Very good and concise review of Hitler's Private Library: the Books that shaped his life (Timothy W. Ryback, Knopf, 2008, 304p) by Ritchie Robertson in the March 6th issue of the TLS (Was Hitler a bookworm?). Only a small proportion of Hitler's library survives: "Although enough survives to tell us a good deal about Hitler's mental world, though the reader of this book must not expect too much." "Hitler's library is most remarkable by what it didn't contain." Schopenhauer, Nietzsche. "The other striking absence is literature." "Though carefully researched, the book is carelessly written." If the topic is of interest to you, read the longer review by Anthony Grafton published in the December 24, 2008 issue of The New Republic (Mein Buch). Grafton concludes that "Hitler's Private Library offers clear proof, if any was needed, that Hitler's worldview did not represent, as American propaganda claimed, the culmination of centuries of German thought."
I found with great pleasure my copy of the New York Times
under my door when I came back home last Tuesday. The pleasure was
further increased by the beautiful color reproduction, on the front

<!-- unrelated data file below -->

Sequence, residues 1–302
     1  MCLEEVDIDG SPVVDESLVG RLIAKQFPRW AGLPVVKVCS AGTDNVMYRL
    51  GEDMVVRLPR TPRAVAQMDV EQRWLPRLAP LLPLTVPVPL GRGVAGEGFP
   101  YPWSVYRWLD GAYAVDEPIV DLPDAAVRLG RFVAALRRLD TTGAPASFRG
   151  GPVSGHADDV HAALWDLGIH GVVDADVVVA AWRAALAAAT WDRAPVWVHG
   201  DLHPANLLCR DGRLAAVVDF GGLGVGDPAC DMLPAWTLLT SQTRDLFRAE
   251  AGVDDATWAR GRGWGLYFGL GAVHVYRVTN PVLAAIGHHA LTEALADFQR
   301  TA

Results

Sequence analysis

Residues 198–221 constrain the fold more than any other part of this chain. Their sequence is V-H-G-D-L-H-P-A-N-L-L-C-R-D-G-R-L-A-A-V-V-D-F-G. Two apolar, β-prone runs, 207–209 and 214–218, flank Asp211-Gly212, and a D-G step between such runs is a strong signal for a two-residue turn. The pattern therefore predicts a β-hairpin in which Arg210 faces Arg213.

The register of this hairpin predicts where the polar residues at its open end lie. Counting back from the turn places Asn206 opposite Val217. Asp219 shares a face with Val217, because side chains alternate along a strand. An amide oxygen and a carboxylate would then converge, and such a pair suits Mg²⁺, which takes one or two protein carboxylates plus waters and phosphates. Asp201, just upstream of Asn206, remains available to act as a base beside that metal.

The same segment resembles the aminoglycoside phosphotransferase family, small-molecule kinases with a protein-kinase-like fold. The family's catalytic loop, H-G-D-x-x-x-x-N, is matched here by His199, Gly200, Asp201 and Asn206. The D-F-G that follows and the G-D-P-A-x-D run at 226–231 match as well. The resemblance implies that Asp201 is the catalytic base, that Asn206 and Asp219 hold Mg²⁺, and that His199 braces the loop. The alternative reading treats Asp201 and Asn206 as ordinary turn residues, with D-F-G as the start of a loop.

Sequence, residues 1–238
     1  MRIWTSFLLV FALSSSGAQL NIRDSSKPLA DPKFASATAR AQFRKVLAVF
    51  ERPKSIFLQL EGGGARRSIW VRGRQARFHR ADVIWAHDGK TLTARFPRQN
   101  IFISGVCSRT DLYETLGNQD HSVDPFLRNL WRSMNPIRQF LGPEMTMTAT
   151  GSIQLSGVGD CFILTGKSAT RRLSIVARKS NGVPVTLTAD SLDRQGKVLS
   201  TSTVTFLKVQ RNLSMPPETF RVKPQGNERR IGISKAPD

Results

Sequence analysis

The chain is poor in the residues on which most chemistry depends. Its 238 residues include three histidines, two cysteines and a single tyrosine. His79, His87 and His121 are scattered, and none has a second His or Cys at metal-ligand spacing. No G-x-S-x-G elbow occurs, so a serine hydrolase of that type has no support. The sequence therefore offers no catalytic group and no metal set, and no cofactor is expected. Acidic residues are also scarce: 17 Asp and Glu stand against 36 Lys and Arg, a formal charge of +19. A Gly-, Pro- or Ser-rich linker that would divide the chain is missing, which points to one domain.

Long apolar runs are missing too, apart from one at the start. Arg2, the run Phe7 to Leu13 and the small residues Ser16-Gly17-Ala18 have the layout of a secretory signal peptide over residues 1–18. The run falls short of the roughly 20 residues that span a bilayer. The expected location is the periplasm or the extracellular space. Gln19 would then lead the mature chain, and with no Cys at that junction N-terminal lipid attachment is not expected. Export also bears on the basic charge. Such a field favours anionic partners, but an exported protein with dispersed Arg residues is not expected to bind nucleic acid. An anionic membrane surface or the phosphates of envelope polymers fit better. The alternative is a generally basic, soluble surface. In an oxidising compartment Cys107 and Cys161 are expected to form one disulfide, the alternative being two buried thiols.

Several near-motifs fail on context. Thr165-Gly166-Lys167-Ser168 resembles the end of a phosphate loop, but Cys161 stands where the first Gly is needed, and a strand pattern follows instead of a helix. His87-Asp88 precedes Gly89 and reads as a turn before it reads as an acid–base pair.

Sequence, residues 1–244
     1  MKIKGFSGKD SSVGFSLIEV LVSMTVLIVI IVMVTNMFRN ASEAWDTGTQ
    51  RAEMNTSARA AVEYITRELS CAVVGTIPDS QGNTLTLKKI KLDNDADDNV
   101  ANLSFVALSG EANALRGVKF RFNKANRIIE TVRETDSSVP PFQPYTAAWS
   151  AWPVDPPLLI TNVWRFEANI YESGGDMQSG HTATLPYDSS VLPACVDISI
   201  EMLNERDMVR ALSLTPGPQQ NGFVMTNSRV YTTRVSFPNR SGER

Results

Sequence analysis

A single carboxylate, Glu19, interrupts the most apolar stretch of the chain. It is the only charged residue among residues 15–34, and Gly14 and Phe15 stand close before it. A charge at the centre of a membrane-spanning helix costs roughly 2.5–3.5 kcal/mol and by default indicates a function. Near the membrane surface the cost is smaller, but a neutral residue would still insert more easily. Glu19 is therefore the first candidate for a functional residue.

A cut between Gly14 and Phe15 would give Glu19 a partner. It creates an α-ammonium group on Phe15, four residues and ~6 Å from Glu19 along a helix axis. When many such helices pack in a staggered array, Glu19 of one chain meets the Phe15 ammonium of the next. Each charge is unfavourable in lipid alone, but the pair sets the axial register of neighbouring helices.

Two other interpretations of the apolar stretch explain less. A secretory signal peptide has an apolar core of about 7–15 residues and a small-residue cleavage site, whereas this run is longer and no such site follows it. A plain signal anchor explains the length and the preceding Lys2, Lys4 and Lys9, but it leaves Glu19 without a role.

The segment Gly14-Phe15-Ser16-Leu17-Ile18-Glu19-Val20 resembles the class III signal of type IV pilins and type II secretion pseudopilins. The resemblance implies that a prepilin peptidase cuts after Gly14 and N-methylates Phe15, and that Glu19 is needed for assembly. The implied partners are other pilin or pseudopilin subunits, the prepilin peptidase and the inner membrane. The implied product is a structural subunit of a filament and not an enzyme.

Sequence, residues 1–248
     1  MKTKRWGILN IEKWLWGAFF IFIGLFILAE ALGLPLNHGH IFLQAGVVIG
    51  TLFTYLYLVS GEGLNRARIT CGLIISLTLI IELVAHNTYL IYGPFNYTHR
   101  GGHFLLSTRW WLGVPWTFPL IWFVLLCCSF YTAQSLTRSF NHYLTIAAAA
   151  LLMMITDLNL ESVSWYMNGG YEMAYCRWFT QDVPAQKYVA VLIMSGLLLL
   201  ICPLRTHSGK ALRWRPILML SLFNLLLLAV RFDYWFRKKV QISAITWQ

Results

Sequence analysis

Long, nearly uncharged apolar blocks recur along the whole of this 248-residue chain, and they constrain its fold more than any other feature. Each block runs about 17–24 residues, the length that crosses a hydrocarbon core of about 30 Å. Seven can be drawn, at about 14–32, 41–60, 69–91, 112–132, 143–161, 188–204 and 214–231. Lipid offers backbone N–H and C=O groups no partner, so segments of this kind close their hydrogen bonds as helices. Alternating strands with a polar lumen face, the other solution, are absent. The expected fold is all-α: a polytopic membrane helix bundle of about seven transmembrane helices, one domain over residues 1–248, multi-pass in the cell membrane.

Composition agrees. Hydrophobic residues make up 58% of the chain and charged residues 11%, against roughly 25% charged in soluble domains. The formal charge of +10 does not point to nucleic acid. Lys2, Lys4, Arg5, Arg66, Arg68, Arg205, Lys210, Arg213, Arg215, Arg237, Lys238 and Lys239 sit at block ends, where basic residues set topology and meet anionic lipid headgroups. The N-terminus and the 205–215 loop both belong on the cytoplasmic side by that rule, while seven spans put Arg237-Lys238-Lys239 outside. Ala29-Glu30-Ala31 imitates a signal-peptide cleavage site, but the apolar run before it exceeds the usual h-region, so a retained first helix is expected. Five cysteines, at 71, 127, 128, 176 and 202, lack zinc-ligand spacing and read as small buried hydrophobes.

page, of an old portrait claimed to be of Shakespeare. The
painting was recently identified among the collection of an Anglo-Irish
family, the Cobbes. It was inherited from Henry Wriothesley, the 3rd
Earl of Southampton, Shakespeare's patron. British experts who have
been studying it claim "it is the holy grail Shakespearean scholars had
sought for centuries: a portrait done in Shakespeare’s lifetime, and
the original from which other Shakespeare paintings of the period were
copied. They said their studies showed it probably was painted in 1610,
when Shakespeare was 46, and only a few years from his death in 1616."
They add: "The portrait might open a new era in Shakespeare
scholarship, giving fresh momentum, among other things, to generations
of speculation as to whether the playwright, a married man with three
children, was bisexual. Until now, that suggestion has hinged mostly on
dedications to the Earl of Southampton that Shakespeare wrote with some
of his best-loved poems and some of the sensual passages in his poems
and plays, particularly his sonnets, most of which, the London scholars
said, are centered on expressions of love and desire for men, not
women." The portrait shows a very handsome and attractive man. I let
you go to the New York Times site to admire it, and read the corresponding articles (Portrait of Shakespeare Unveiled, 399 Years Late, Is This a Shakespeare Which I See Before Me?).
James Purdy (1923-2009) died on Friday. Stephen Guy-Bray writes in glbtq that his novels "often describe obsessive love between men for whom homosexuality is unthinkable and whose fate is inevitably bleak." The New York Times published a substantial obituary on Saturday (James Purdy, Darkly Comic Writer, Dies at 94) which made me want to read The Nephew:
(*) The psychosexual acuteness with which he [Marcel Proust] painted his neither-male-nor-female characters have made of him, forever, the Founding Father of Queer Studies.